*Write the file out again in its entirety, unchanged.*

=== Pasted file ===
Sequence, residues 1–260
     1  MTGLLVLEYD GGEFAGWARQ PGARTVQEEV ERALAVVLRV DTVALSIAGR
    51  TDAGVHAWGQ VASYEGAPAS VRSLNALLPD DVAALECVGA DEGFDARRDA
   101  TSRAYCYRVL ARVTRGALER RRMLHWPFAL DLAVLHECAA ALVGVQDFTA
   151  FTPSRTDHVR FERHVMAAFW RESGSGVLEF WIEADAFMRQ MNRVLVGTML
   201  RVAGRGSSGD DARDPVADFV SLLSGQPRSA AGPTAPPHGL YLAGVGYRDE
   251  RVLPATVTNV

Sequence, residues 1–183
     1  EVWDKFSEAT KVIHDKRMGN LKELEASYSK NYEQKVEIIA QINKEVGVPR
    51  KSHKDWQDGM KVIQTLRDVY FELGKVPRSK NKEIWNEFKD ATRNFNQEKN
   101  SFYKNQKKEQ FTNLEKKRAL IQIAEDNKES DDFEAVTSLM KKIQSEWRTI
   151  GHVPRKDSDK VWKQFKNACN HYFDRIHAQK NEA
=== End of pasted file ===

Sequence, residues 1–260
     1  MTGLLVLEYD GGEFAGWARQ PGARTVQEEV ERALAVVLRV DTVALSIAGR
    51  TDAGVHAWGQ VASYEGAPAS VRSLNALLPD DVAALECVGA DEGFDARRDA
   101  TSRAYCYRVL ARVTRGALER RRMLHWPFAL DLAVLHECAA ALVGVQDFTA
   151  FTPSRTDHVR FERHVMAAFW RESGSGVLEF WIEADAFMRQ MNRVLVGTML
   201  RVAGRGSSGD DARDPVADFV SLLSGQPRSA AGPTAPPHGL YLAGVGYRDE
   251  RVLPATVTNV

Sequence, residues 1–183
     1  EVWDKFSEAT KVIHDKRMGN LKELEASYSK NYEQKVEIIA QINKEVGVPR
    51  KSHKDWQDGM KVIQTLRDVY FELGKVPRSK NKEIWNEFKD ATRNFNQEKN
   101  SFYKNQKKEQ FTNLEKKRAL IQIAEDNKES DDFEAVTSLM KKIQSEWRTI
   151  GHVPRKDSDK VWKQFKNACN HYFDRIHAQK NEA